As indicated in Fig. 2, the method M may comprise under T4 comparing the graphical test models 4 with the test scenarios 1 to determine if the graphical test models 4 are in compli ance with the expected behavior of the software program. For example, based on these graphical test models 4, missing sce narios 1 may be identified, e.g. a user with expired creden tials or a registration attempt of an already registered us er. Moreover, optimized test scenarios 1 may be generated, e.g.:

- Scenario 1: successful login

GIVEN a user has entered [valid] credentials

WHEN click on login button

THEN start screen is shown

- Scenario 2: wrong password

GIVEN a user has entered [invalid] credentials

WHEN click on login button

THEN an error message is shown

The method M further comprises under M7 generating executable test scripts 6 for the test scenarios 1 on basis of the as signed test step definitions 3. To this end, existing BDD tools and frameworks may be utilized, e.g. Cucumber or simi lar .

As a result, the method M described above provides the means to utilize the benefits of BDD (with easy to use, natural language based scenarios) while maintaining the required man ageability for large, complex development projects. The gen eration and synchronization of a test model from BDD scenari os allows to utilize the advantages both from BDD and MBT methods, especially for large complex development projects. The model based review and generation of test cases ensures the consistency and completeness of the BDD scenarios. The ability to use MBT techniques to add an additional abstrac tion level bridges the gap between RE focused usage of BDD and a BDD based test automation approach. The automated step matching using machine learning allows an efficient mapping of BDD step phrases to a test automation framework and sup ports the structured development of the necessary framework code .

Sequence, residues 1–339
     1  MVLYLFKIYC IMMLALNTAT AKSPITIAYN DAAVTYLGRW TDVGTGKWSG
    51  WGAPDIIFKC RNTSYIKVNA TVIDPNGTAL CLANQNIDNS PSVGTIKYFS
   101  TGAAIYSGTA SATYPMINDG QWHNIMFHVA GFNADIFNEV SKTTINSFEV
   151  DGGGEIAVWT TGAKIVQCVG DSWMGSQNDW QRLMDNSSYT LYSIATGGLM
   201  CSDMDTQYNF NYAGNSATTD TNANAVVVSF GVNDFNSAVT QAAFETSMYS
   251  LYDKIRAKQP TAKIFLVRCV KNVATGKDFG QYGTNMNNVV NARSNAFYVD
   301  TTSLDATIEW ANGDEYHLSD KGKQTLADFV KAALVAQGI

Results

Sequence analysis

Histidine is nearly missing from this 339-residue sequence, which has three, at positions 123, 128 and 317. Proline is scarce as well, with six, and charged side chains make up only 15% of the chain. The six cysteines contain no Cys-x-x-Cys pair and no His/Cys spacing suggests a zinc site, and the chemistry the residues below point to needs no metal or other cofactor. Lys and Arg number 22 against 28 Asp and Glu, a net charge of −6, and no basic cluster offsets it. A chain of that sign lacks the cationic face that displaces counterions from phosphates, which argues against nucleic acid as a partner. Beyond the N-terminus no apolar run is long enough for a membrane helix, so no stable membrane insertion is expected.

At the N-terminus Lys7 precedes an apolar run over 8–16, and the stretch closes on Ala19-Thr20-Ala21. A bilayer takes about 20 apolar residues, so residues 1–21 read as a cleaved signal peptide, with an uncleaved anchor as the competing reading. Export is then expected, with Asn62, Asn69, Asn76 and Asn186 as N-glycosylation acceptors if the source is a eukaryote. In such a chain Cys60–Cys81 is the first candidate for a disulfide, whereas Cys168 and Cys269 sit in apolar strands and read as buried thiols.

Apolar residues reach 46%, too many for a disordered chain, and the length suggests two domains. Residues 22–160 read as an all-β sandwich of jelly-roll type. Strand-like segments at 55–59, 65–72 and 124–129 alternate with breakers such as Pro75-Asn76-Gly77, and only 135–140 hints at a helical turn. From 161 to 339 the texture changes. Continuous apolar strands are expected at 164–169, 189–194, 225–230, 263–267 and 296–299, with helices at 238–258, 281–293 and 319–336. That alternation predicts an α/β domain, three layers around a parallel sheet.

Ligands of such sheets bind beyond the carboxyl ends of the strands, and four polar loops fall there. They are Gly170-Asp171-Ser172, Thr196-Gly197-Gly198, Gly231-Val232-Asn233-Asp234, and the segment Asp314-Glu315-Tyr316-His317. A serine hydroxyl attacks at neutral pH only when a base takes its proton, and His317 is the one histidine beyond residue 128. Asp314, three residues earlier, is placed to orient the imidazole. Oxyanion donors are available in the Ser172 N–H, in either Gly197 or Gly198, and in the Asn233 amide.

In the foregoing detailed description, various features are grouped together in one or more examples or examples with the purpose of streamlining the disclosure. It is to be under stood that the above description is intended to be illustra tive, and not restrictive. It is intended to cover all alter natives, modifications and equivalents. Many other examples will be apparent to one skilled in the art upon reviewing the above specification.

The embodiments were chosen and described in order to best explain the principles of the invention and its practical ap plications, to thereby enable others skilled in the art to best utilize the invention and various embodiments with vari-ous modifications as are suited to the particular use contem plated. Many other examples will be apparent to one skilled in the art upon reviewing the above specification.